I have to admit, I am somewhat disappointed that nobody has ever asked that. I can't imagine that it is transparent, so I suppose that means that nobody cares. Oh well, so be it. I will explain anyway.
In my view, this is the one key, central insight: all distinctions are arbitrary. Armed with this insight, everything else becomes transparent to you. It has deep philosophical, scientific, and religious implications, and I will address these in that order.
"He who breaks a thing to find out what it is has left the path of wisdom." -- J.R.R. Tolkein (Gandalf to Saruman)
In his excellent book, Zen and the Art of Motorcycle Maintainance, Robert Pirsig talks a lot about the "Ghost of Reason," by which he means rational analysis. In the art of rational analysis, the idea is to take your subject and cut it up into smaller and smaller pieces, and give each one a name. Aristotle was the original master of this art. He could cut the simplest thing, like the "good", into thousands of little bits and give each one a name and then go on for hundreds of pages about the properties and status of each bit. This is great, if you like that sort of thing, and it is a very powerful intellectual tool. But it has its limits, as we will see below.
Phaedrus, the character in Zen, reaches a major turning point in his philosophical development when he realizes that all distinctions are arbitrary. This means that you can make each cut of the analytical knife any way you choose. You can define your terms however you like, cut up your subject along whatever dividing lines you prefer. This gives the analyst enormous power and flexibility.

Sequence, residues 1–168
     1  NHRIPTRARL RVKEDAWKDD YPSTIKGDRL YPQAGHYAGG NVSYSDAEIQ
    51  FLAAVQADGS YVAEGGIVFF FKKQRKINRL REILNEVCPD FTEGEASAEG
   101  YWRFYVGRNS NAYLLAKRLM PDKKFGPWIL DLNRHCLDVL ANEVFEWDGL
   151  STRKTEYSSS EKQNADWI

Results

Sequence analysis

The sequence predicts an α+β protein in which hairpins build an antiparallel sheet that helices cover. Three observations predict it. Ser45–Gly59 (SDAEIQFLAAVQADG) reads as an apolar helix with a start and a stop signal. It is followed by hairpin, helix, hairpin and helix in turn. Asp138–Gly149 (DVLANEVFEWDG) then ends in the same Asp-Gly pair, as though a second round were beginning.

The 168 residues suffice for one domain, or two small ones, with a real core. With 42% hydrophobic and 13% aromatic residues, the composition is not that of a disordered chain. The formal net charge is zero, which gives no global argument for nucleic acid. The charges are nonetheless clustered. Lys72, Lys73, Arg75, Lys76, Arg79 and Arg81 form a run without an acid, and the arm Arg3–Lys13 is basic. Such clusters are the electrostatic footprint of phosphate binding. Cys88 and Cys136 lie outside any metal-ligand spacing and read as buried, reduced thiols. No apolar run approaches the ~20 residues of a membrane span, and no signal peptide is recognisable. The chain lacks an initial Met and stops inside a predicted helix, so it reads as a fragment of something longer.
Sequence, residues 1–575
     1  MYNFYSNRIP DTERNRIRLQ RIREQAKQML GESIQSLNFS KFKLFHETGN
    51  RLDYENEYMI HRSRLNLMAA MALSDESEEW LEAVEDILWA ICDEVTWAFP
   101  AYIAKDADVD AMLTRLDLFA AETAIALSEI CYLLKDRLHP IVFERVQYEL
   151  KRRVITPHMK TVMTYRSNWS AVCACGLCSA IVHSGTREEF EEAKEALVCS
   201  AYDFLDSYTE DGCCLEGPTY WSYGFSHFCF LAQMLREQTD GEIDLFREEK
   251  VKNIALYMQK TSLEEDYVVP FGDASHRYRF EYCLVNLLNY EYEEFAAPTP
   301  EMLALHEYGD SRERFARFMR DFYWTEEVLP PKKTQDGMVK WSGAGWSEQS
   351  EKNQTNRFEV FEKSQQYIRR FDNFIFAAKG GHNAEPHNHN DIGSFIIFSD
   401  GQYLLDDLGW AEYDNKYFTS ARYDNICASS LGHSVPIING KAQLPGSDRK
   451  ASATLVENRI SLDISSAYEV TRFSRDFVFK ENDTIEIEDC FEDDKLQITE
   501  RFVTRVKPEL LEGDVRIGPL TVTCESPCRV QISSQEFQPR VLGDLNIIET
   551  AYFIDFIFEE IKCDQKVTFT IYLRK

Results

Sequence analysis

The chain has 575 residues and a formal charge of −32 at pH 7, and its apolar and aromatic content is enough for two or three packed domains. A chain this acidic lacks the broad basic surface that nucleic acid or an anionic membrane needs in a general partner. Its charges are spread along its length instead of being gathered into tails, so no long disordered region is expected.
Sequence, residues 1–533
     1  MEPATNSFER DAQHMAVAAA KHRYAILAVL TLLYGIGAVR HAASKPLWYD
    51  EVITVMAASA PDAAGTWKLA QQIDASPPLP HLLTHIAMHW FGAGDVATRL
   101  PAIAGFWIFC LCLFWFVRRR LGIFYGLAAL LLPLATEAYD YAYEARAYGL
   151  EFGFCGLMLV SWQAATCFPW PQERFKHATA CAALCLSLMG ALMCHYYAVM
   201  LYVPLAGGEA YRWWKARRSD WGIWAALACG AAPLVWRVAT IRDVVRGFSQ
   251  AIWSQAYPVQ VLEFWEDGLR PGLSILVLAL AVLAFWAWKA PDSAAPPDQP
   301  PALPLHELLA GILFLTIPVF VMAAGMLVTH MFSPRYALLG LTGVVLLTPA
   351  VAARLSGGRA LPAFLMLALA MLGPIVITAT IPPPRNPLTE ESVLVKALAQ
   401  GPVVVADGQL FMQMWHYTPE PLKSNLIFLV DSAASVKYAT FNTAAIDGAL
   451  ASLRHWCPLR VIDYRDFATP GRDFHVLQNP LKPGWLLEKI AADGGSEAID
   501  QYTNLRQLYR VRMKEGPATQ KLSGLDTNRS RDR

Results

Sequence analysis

However, it must be remembered that the distinctions are arbitrary. If I am the one doing the analysis, I am free to cut up my subject however I like. So if you are listening to an analysis, you must remember that the distinctions being made are arbitrary. You are free to make your own analysis, making your own distinctions as you see fit. This is known as thinking for yourself. It is probably a good idea. Who controls your distinctions controls your thoughts.
In particular, the deepest insights often come from simply choosing an unconventional analysis, a different way of cutting up the subject. In Zen, Pirsig talks about what happens when you choose to distinguish things based on an undefined concept he calls Quality. Analysis by Quality gives very different results than other analyses, and is very interesting. It is not my purpose to explore this here, but rather to point out that once you understand the arbitraryness of distinctions, you are free to create unconventional analyses which often lead to deep insights about the subject.